Nearly a quarter of Californians live in poverty, according to modified Census figures

By Dan Conway
11 December 2013

A deepening social crisis plagues the US state of California, a reflection of a broader national crisis more than five years after the economic crash of 2008.

According to the US Census Bureau’s Supplemental Poverty Measure (SPM), updated last month, a shocking 8.9 million people in the state live in poverty, more than twice as many as in any other state in the country. Nearly a quarter (23.8 percent) of all Californians live in poverty based on this measures, which is designed to create a more accurate picture of poverty than the official poverty statistics.

The current official poverty measure, which has changed little since its adoption in 1963, is calculated at three times the cost of minimum food purchases. SPM, by contrast, calculates the poverty threshold based on a basic set of goods including food, shelter, clothing and utilities, along with a small additional amount for other expenses. The measure also allows for geographical variations. It does not take into account other significant expenditures, including medical costs, retirement saving and debt servicing.

On a national level, 46.7 million individuals were in poverty in 2012 using the official measure, while 49.4 million were considered to be in poverty using the supplemental measure. In California, 6.2 million were officially poor, compared to the 8.9 million based on the SPM.

The October Labor Market Review published by the Employment Development Department also points to a continuing employment crisis within the state, including high long term joblessness. While the official unemployment rate in the state has declined by almost two and half percentage points, from 10.1 percent to 8.7 percent, the unemployment rate is still 3 percentage points higher than the immediate pre-recession peak of December 2007.

As with the national figures, the fall in the official unemployment rate is due primarily to the departure of hundreds of thousands of people from the labor force after giving up hope of finding a job. During the period of so-called recovery, October 2010 to October 2013, the labor force participation rate in the state has decreased from 63.9 percent to 62.5 percent.

Long-term joblessness has also continued to rise. As of October, 28.9 percent of the officially unemployed have been out of work for 52 weeks or more. This would be even higher if those who have given up looking for work were included.

Moreover, some portions of the state are experiencing third-world level unemployment rates. In Imperial County in the state’s southeast, 25.2 percent of the population is officially unemployed.

The BLS report also shows that conditions for those who are employed have worsened dramatically. The percentage of those who work part time involuntarily has more than doubled since before the recession to 8 percent, higher than the national average of 5.6 percent.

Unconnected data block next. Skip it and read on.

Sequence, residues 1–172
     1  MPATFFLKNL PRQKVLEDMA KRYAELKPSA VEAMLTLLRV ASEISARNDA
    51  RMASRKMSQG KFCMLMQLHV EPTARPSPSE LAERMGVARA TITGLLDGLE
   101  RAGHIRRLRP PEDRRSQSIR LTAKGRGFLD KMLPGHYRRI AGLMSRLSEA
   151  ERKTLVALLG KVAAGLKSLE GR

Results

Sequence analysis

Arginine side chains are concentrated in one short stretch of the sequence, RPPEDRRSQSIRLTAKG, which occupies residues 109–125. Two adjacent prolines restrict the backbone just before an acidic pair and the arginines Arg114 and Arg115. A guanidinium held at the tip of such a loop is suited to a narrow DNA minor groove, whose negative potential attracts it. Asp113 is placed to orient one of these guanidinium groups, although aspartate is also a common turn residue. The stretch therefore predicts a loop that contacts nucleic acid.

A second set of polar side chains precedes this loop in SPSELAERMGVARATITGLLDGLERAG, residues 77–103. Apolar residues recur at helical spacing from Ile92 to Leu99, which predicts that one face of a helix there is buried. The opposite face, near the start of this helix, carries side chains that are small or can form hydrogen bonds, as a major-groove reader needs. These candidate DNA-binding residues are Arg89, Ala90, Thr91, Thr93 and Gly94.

Inflation-adjusted earnings for the top 20th income percentile have returned to pre-recession levels, while those of the bottom eightieth have declined. The bottom twentieth has seen its income fall by 5.9 percent compared pre-recession levels.

The EDD report also notes that the state’s unemployment fund has operated at a greater than $8 billion negative balance since October of 2008. There can be no doubt that as the state’s fiscal crisis reemerges, attempts will be made to pare down and wipe out certain aspects of unemployment insurance. This is fully in line with Democratic Party Governor Jerry Brown’s proposals to not be indebted to the federal government for unemployment insurance.

The Brown administration has exhibited indifference to the plight of the state’s poor and unemployed, in line with the national policy led by the Obama administration.

The governor, a darling of the state’s liberal establishment, trade unions and pseudo-left organizations, began his first term with the pledge that “if you want frugality, I’m your man.” Since then, he has crafted each year, in partnership with the Democratically-led state legislature, budgets that have cut billions from vitally needed social services. As a result, the state’s general fund is operating in the black for the first time in several years. The state’s credit rating has improved as wealthy municipal bondholders have been enriched at the expense of the working class.

Despite the fact that the state has the highest number of people in poverty, the governor has earned high praise for his services on behalf of the wealthy and privileged. Business Week magazine recently praised the Governor for proving that “unsentimental, grown-up leadership can solve an economy’s most intractable problems.”

In an interview with the Los Angeles Times, the governor boasted that his agenda could be used as a “template for the nation.”

While the social situation for the majority of Californians becomes progressively worse, additional attacks against the state’s working class are being prepared, particularly in the area of pensions. The recent ruling by Detroit bankruptcy judge Steven Rhodes allowing for pension obligations to be part of the city’s bankruptcy filing will be used as a precedent by several California cities that are in or are considering bankruptcy.

Like their counterparts in Michigan, California municipal workers have pensions nominally protected by the state’s constitution. Pat Morris, mayor of San Bernardino, the largest California city to file for bankruptcy thus far, called the Detroit ruling “another arrow in the quiver of cities who are in desperate circumstances.”